From the late fifteenth century the Parlement of Paris had experimented with a veriety of rituals to show abstract justice bound to a particular place and institution. To the degree that it succeeded in separating justice from the person of the king and associating it with a representative body, the Parlement of Paris made itself more directly subject to the will of the king by mediating for other legal bodies in the name of justice. At the same time, the Parlement made other groups more dependant on its patronage and favor to have their legal voice and petitions heard. This turn of events is exactly what happened to the ordinance of the medieval entry ceremony. The entry promise by the king became a matter for litigation, and sixteenth-century lawyers could even dismiss such promises when made "du temps des guerres du novel advenement à la coronne ." The strong appearance of reciprocity acted out in the rituals of the entry acquired definitions in the chambers of justice and within the contexts of kingly majesty. However, some French writers of the sixteenth century kept alive the constitutional image of the entry, particularly provincial ones, where the king bound himself directly to his promise rather than through the intermediary of justice and the Parlement. They took the fading side of the medieval entry tradition that corresponded more to the confirmations made by the new duke in the joyeuse entrée of Brabant. Even at Paris the sixteenth- and seventeenth-century entry ceremony continued the traditional request for preservation of liberties, but its legal importance and focus were lost in the flattering orations on royal magnificence of which the request formed a small part. The medieval ceremonial had evolved as a mise en scène for the union of the body politic; later times transformed the staging and costuming. The setting came to take the form of architectural monuments suitable for the royal majesty. Although rather than in juridical robes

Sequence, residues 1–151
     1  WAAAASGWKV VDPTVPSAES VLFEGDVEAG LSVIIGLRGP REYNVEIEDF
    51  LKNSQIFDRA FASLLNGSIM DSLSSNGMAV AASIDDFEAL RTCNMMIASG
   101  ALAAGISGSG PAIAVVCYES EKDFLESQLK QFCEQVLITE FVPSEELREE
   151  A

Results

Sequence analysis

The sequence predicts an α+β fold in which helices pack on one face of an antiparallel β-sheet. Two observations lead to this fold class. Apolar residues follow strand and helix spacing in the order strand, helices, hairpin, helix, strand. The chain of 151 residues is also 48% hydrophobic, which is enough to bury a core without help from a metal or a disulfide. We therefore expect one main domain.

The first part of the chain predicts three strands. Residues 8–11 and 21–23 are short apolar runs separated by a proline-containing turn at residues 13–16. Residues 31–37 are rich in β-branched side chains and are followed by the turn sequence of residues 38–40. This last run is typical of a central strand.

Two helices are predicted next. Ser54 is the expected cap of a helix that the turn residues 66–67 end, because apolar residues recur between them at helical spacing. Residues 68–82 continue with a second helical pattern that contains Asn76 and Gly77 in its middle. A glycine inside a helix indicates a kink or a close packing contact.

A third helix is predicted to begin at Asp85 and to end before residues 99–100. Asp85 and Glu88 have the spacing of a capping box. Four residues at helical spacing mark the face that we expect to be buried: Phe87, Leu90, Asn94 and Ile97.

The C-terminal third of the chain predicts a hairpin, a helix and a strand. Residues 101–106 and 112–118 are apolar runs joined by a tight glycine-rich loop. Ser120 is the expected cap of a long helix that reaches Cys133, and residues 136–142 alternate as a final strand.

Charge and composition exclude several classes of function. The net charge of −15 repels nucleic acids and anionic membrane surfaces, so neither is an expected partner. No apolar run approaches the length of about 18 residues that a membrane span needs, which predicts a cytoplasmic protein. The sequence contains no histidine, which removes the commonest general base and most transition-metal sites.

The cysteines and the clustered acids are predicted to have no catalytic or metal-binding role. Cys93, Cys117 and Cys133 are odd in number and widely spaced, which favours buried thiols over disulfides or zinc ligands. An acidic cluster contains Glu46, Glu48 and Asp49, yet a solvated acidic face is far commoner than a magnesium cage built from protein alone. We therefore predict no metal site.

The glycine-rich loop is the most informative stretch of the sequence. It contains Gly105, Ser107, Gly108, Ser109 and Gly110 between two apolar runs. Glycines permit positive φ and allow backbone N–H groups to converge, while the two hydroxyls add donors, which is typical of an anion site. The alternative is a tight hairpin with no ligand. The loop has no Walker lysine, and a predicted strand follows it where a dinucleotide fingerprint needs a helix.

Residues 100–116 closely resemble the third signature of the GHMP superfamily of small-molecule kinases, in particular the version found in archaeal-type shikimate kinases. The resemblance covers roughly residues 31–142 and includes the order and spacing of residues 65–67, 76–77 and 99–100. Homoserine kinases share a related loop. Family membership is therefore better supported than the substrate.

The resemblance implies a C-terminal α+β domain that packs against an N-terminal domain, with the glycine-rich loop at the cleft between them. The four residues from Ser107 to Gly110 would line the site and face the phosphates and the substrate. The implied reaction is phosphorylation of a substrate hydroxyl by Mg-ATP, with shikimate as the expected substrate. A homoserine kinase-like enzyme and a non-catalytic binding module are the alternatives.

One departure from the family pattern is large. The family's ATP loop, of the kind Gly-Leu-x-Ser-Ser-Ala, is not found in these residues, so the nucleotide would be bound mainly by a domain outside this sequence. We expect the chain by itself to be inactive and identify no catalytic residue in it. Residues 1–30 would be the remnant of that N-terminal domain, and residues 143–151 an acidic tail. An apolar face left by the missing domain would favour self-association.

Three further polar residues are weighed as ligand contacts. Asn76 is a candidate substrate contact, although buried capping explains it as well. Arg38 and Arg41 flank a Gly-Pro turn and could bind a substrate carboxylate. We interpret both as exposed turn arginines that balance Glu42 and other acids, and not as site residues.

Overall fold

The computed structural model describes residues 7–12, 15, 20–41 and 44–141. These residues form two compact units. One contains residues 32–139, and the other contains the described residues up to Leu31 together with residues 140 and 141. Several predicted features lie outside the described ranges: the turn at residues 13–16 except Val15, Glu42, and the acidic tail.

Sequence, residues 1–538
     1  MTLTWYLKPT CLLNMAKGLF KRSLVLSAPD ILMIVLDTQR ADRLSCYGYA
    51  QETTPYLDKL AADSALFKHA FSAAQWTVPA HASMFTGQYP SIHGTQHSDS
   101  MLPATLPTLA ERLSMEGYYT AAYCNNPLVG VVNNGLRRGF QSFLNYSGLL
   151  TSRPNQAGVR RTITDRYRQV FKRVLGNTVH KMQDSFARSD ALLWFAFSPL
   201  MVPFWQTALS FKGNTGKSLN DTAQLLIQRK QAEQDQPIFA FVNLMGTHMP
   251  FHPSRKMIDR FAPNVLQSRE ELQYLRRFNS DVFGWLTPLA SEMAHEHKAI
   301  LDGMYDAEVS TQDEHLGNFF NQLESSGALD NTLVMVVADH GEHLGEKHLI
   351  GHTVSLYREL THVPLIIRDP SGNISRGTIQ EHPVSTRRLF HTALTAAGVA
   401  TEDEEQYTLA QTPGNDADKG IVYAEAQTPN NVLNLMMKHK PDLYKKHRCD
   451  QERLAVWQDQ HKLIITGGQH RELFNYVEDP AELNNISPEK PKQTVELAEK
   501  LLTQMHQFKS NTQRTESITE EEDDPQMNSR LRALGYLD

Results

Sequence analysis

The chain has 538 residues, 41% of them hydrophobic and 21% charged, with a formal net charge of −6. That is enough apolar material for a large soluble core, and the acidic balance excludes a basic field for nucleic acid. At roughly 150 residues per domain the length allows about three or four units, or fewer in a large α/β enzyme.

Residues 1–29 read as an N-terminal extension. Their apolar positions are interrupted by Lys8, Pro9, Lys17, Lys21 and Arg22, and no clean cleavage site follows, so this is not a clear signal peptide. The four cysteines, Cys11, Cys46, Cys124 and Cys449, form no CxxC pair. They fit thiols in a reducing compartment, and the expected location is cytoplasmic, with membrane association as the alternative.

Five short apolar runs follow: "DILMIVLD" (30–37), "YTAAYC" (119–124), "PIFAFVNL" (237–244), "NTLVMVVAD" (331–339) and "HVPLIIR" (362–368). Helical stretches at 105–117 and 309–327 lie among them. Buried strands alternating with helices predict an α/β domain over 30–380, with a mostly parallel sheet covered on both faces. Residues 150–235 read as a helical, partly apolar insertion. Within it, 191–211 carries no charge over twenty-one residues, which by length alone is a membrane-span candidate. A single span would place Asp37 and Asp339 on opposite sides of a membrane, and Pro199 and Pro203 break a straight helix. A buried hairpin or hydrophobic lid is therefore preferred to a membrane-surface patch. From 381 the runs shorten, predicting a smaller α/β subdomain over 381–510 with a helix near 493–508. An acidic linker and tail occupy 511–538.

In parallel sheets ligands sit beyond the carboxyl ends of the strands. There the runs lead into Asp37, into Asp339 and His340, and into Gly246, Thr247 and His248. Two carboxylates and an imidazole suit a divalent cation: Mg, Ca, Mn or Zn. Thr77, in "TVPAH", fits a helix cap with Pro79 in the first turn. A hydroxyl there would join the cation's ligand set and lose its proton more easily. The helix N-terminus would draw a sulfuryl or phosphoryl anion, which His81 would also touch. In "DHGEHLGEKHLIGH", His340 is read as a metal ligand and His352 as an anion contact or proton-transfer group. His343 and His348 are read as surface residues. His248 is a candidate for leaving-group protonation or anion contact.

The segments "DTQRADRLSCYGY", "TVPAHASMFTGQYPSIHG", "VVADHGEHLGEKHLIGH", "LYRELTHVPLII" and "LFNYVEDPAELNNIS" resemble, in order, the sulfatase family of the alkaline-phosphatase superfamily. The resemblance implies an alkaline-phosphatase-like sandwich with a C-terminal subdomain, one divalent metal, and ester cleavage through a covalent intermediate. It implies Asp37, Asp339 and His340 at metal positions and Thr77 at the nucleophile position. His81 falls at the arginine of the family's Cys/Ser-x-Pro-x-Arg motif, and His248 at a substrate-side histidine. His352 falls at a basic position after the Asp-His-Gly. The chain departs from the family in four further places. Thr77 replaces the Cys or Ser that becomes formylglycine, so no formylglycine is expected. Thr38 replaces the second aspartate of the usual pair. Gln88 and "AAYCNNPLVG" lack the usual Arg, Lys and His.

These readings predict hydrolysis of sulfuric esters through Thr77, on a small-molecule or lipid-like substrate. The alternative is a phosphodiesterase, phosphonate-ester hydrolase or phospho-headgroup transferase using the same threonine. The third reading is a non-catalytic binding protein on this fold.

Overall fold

the king appeared as conqueror in armor or later as grand seigneur in rich fashions of the day, all others in the state ceremony continued to march in robes of office.
The entry ceremony as elaboration of the royal cult called attention to the divinity of the king that through allegory was always part of the atmosphere of royal ceremonies. George Chastellain well illustrates this potential in the medieval entry that was only realized in its fullness in the seventeenth century. In an allégorie mystique he paralleled the entry of the new king Louis XI into Paris with the birth of Christ in Bethlehem. The other participants in the entry were given guises appropriate to the analogy: the princes and lords who held "cure et commission sur la chose publique " were compared to the shepherds who hastened to Bethlehem "voir ce que Dieu a fait et manifesté à leurs yeux; certes un roy nouvellement couronné, un roy produit du mot et volenté de Dieu ." Notions of the divine origins of monarchy and of God's design abound in the allegory; the French peers were even labeled the new people of God and the French king "l'enoint et le souverain christ en terre ." Like the Christ Child, the new king promised peace, social good will, and irrevocably bound all society into a harmonious whole. In the long view this rhetorical image triumphed over the juridical traditions in interpretations of the entry ceremony. Several centuries later the image of the entry was of David and Jerusalem—of Christ and paradise. Along with the demigod Hercules and the god Apollo, these images appear to be part of a revival of late antique and early medieval imagery for adventus ceremonies. The focus on peace and justice continued, but not the focus on distinct personalities, legal or otherwise. The ceremony in the ancien régime represented a transcendent moment and an expression of a universal truth rather than the reciprocal rites between a particular king and city. The medieval theme was of the body politic, the absolute one was concord in the state. The celebration turned to defining the king's "messianic-eschatalogical" mission, not the particulars of his government. In this way, the medieval Parisian entries came to appear only as submission to a divine plan and its manifested agent. The "joyeuse entrée " in France ceased to be performed and one only spoke of the "entrée royale ."